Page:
As nearly a million people hit the road before Hurricane Florence nears the coast, 934 inmates and as many as 119 prison staff were ordered to stay behind despite a mandatory evacuation.
Despite an evacuation order encompassing the prison’s location in Jasper County issued Monday, S.C. Department of Corrections officials decided not to remove inmates at the Ridgeland Correctional Institution as of that afternoon, SCDC spokesman Dexter Lee said in an interview with The State.
“Right now, we’re not in the process of moving inmates,” Lee said. “In the past, it’s been safer to leave them there.”
During a press conference Monday afternoon, S.C. Gov. Henry McMaster revealed maps of the evacuation zones. McMaster commented that the darker the color, the more important it was for residents to evacuate.
Digital Access for only $0.99
For the most comprehensive local coverage, subscribe today.
Ridgeland falls within a red area on the evacuation map.
“We know the evacuation order I’m issuing will be inconvenient,” McMaster said during the evacuation press conference. “But we’re not going to gamble with the lives of the people of South Carolina. Not a one.”
During a Tuesday press conference, McMaster lifted the evacuation order for Jasper County.
Along with the nearly 1,000 prisoners ordered to stay behind during the evacuation, essential personnel would have been required to stay behind and work at the prison, Lee said. Guards would not have the choice to opt in or out if they are scheduled to work during Hurricane Florence, he added.
Though parts of the lower Low Country aren’t included in the National Hurricane Center’s hurricane warning zone, Lee said there is some concern about conditions Florence may cause.
“There’s a concern anytime (with flooding) in a storm of this magnitude,” Lee said.
In 2016, during Hurricane Matthew, an inmate died at Ridgeland Correctional Institution, according to a previous report in The State. Then Gov. Nikki Haley said the death was seemingly unrelated, according to the report.
Haley added there were no deaths directly related to the storm.
MacDougall Correctional Institution in Dorchester County is also in the evacuation zone, Lee said.
During a press conference Wednesday, McMaster confirmed that officials would not be moving inmates at MacDougall to a facility outside of the evacuation zone. Lee said 651 inmates are housed at the facility.
Lee did say that generally, SCDC believes it’s safer to not transfer inmates to another location.
MacDougall is a Level 2 institution in Ridgeville, which houses medium-security inmates. Ridgeland Correctional is also a Level 2 institution, located in Ridgeland.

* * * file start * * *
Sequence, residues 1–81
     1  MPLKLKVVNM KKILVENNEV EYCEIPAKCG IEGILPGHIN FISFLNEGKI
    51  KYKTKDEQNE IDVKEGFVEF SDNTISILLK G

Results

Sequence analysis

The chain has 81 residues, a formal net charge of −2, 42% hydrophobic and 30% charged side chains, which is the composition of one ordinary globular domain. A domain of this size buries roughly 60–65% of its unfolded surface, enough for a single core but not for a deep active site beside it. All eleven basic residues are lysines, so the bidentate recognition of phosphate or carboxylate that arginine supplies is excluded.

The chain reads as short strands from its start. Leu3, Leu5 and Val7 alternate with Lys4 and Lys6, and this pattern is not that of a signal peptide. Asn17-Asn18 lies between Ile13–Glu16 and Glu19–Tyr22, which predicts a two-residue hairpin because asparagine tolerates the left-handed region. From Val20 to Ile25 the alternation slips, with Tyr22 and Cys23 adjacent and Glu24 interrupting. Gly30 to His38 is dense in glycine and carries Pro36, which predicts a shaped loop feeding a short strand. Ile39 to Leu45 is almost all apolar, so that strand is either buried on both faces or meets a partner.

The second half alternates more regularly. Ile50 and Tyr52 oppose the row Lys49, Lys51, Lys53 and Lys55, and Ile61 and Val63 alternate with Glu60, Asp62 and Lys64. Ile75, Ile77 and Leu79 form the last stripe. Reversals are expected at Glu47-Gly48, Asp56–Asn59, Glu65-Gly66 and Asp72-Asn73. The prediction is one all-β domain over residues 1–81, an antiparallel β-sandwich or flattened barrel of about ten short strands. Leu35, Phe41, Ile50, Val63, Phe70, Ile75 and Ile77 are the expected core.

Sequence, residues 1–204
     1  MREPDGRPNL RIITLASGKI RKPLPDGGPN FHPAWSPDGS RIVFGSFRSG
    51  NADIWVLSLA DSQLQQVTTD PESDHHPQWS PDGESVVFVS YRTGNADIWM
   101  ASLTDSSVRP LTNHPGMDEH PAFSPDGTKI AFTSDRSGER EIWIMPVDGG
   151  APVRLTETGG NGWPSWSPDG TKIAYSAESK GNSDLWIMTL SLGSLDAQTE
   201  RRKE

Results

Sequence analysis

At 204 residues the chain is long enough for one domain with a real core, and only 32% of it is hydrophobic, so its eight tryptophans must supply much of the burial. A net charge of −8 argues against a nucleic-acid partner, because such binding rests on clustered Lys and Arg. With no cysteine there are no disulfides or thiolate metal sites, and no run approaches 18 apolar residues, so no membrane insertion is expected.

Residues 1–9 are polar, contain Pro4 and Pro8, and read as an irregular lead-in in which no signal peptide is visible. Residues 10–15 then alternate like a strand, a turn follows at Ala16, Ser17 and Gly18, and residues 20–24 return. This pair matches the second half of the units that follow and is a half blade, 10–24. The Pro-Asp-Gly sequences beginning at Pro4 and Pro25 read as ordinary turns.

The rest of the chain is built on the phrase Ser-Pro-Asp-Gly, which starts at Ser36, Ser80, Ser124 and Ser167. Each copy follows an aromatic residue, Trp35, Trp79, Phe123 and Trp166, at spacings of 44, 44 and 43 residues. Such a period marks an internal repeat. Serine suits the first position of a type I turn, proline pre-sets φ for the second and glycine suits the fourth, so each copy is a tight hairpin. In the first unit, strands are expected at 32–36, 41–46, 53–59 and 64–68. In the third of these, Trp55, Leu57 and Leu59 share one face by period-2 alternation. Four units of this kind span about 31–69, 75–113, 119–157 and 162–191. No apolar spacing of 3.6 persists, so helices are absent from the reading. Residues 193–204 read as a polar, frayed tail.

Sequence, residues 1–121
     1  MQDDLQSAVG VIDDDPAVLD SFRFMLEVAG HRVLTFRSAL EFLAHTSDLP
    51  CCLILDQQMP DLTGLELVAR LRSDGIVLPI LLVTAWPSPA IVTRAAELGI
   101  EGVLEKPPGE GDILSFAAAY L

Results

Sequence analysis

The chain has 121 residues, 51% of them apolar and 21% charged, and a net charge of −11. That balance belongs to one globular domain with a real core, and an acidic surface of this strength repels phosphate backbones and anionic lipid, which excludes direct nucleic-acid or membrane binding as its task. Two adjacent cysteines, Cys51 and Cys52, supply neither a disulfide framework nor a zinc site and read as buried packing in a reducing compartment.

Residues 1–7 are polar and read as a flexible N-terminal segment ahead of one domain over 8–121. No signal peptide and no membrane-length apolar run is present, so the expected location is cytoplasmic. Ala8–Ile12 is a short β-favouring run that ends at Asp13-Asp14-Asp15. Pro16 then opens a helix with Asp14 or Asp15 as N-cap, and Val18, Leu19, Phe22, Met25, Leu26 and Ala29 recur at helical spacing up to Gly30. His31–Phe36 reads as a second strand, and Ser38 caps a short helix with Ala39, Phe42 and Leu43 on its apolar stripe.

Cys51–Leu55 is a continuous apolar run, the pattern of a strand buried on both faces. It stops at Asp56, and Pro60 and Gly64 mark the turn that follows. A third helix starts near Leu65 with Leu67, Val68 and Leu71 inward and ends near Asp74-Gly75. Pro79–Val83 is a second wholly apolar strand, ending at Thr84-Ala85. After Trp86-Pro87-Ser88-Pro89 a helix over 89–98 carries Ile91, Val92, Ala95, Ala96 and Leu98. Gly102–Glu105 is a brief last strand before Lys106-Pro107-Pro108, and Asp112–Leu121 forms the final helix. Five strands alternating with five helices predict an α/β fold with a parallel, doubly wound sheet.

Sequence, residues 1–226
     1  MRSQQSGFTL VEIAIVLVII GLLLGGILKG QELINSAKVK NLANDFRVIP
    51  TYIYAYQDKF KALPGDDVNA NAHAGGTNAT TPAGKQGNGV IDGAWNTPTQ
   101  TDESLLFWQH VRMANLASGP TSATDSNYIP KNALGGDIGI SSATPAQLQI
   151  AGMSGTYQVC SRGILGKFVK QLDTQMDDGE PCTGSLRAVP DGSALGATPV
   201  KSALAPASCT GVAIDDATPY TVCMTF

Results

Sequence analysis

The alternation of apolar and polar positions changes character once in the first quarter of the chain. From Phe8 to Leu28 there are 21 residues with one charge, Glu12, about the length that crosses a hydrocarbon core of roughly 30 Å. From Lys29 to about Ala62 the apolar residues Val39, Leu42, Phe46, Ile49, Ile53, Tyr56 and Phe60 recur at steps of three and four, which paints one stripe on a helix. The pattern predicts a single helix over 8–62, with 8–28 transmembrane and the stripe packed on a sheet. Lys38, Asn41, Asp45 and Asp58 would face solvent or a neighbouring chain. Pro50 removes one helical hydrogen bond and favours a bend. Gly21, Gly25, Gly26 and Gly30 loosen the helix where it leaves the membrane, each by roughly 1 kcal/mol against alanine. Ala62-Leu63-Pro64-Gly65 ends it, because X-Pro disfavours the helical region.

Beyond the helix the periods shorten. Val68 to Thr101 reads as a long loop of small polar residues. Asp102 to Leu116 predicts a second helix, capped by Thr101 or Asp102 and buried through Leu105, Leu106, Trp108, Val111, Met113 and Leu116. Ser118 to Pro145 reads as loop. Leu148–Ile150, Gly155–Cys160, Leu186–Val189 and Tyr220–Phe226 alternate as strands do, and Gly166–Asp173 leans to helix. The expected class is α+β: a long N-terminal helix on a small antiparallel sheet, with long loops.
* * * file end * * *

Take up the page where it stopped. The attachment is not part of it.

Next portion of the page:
McMaster mentioned Wednesday during a press conference that prisoners at Lieber Correctional Institution in Ridgeville would also remain in their home facility. It is unclear how many prisoners are housed at Lieber, but the facility is a Level 3 prison, holding maximum-security inmates.
Lieber is located near MacDougall, but it is not in the evacuation zone.
Wednesday, the Department of Corrections announced it was moving 266 inmates housed at Palmer Pre-Release Center in Florence, which is not in an evacuation zone.
Palmer is a minimum security prison, according to the SCDC website. It is ranked a level 1-A, which houses non-violent inmates within 36 months of release.
Inmates at Palmer were taken to Turbeville Correctional Institution, a medium security prison in Turbeville, closer to the Midlands.
“The agency will continue to monitor this hurricane to determine if evacuating other prisons is necessary,” Lee said in a statement.
During Wednesday’s press conference, McMaster was asked about protesters who gathered outside to demand prisoners be moved to another location. Protesters were using McMaster’s own words from Monday on not a single South Carolinian being left behind as a rallying cry.
“That is the safest place for those people to be at this time,” McMaster said Wednesday.
Thursday, the ACLU of South Carolina issued a statement about McMaster’s decision.
“This storm is slated to be one of the worst we have ever seen, and if Gov. McMaster truly does not want to ‘gamble with the lives of the people of South Carolina,’ he needs to make sure that the prison system is up to par, or evacuate the inmates just as he has ordered the rest of us to do,” the statement read.
The statement pointed to other disasters in which prisoners were put in harms way during hurricanes.
During Hurricane Katrina, officials at the Orleans Parish Prison, the city jail for New Orleans, decided not to evacuate their residents, according to a report from the ACLU. Inmates who had yet to be convicted of the crimes they were accused of were left in a flooding facility without power, food or water for days.
“Inmates have been adjudicated in a court of law and their sentence has been set — nowhere in the Constitution is ‘death by natural disaster’ an acceptable punishment,” the statement read.